I know I’m weird, but my favorite piazza in Rome is the Piazza Farnese. I mean, it’s between the quiet and compelling Via Guilia and the raucous Campo dei Fiori. Not far from the Jewish quarter. A long and beautiful walk along the Tiber gets you to Testaccio, one of my favorite neighborhoods, gritty and mounded with potsherds.
Anyway, the big Renaissance palace that dominates the piazza, the Palazzo Farnese, is the French Embassy these days. You can’t just pop in to see it. You know, security.
The palace was built for Cardinal Alessandro Farnese, who became Pope Paul III and commenced filling the place with art from all over Rome, including bits of the Roman baths. Most of what was transportable got transported to other places, so all that’s left are frescoes, compelling enough if you were to peek in, but what it must have looked like stuffed to the gills with all that art!
Well, this spring you can have a chance not only to get inside the Palazzo Farnese, but to see some of the art that “got lost” and is now found, brought back to give you a feeling for the real deal. The treasure trove numbers over 150 pieces.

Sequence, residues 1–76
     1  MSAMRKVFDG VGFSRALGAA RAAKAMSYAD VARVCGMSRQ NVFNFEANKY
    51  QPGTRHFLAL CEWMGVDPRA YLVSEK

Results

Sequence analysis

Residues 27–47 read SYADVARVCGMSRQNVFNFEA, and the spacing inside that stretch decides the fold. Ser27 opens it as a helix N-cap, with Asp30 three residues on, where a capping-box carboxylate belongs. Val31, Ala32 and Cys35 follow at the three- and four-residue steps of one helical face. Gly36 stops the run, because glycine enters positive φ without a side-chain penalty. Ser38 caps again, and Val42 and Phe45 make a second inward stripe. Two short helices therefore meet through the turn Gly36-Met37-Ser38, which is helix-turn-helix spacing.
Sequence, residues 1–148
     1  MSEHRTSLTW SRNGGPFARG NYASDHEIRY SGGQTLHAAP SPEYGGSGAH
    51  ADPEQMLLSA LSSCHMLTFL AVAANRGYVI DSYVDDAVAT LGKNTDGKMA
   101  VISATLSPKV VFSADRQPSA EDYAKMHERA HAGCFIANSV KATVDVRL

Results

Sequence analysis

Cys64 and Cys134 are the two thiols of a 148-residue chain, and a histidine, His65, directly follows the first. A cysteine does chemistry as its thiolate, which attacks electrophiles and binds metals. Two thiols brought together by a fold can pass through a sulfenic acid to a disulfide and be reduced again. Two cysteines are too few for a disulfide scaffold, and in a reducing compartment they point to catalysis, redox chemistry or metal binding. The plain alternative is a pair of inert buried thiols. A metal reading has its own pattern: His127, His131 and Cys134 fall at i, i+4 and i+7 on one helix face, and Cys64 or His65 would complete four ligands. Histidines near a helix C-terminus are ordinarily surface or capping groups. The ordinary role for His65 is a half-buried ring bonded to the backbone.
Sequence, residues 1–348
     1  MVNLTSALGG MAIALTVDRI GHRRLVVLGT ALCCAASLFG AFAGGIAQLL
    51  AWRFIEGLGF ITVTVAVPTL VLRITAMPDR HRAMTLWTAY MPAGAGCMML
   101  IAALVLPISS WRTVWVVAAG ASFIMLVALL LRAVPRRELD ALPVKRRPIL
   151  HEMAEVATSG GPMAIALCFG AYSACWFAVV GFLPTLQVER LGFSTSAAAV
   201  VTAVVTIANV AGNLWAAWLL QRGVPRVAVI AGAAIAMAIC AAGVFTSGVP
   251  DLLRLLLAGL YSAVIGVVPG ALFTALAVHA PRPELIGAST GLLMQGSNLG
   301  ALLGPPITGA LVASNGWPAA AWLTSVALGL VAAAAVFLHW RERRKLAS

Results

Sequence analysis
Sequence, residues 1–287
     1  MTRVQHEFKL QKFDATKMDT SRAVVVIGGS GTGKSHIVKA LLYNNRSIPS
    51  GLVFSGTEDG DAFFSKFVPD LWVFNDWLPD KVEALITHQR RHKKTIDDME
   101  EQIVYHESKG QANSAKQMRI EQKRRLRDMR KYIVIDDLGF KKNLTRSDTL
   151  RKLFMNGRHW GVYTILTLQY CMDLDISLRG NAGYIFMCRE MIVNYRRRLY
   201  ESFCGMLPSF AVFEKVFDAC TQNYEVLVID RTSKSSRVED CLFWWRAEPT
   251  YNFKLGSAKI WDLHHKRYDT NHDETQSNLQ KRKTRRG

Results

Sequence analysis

The exhibition is scheduled to run from December 17, 2010 to April 2011. More info in Italian and French: Mostra Palazzo Farnese. You can reserve tickets thought the web site.
Here’s the NYT take on things: With New Show, Rare View of Rome’s Palazzo Farnese
And for a stay close by, I mean real close, I highly recommend Residenza in Farnese
Palazzo Farnese Tickets are available in the US through Select Italy.
We’ve also been working on a page on how to visit the Vatican Museums. Yes, a great stroll north from the Piazza Farnese brings you to the Vatican.